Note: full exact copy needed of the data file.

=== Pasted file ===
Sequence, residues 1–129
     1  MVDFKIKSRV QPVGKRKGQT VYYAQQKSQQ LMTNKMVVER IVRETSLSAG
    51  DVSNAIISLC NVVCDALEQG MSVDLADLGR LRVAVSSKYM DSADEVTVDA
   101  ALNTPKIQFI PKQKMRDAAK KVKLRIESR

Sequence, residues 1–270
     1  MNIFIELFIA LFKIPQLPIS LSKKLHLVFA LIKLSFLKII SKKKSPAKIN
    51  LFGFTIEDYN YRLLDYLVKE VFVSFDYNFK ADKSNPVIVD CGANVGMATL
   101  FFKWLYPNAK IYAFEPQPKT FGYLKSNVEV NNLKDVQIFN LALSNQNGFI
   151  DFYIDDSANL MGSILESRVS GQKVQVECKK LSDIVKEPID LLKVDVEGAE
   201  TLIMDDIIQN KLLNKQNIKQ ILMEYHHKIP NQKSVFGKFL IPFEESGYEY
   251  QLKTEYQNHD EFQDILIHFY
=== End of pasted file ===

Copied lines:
Sequence, residues 1–129
     1  MVDFKIKSRV QPVGKRKGQT VYYAQQKSQQ LMTNKMVVER IVRETSLSAG
    51  DVSNAIISLC NVVCDALEQG MSVDLADLGR LRVAVSSKYM DSADEVTVDA
   101  ALNTPKIQFI PKQKMRDAAK KVKLRIESR

Sequence, residues 1–270
     1  MNIFIELFIA LFKIPQLPIS LSKKLHLVFA LIKLSFLKII SKKKSPAKIN
    51  LFGFTIEDYN YRLLDYLVKE VFVSFDYNFK ADKSNPVIVD CGANVGMATL
   101  FFKWLYPNAK IYAFEPQPKT FGYLKSNVEV NNLKDVQIFN LALSNQNGFI
   151  DFYIDDSANL MGSILESRVS GQKVQVECKK LSDIVKEPID LLKVDVEGAE
   201  TLIMDDIIQN KLLNKQNIKQ ILMEYHHKIP NQKSVFGKFL IPFEESGYEY
   251  QLKTEYQNHD EFQDILIHFY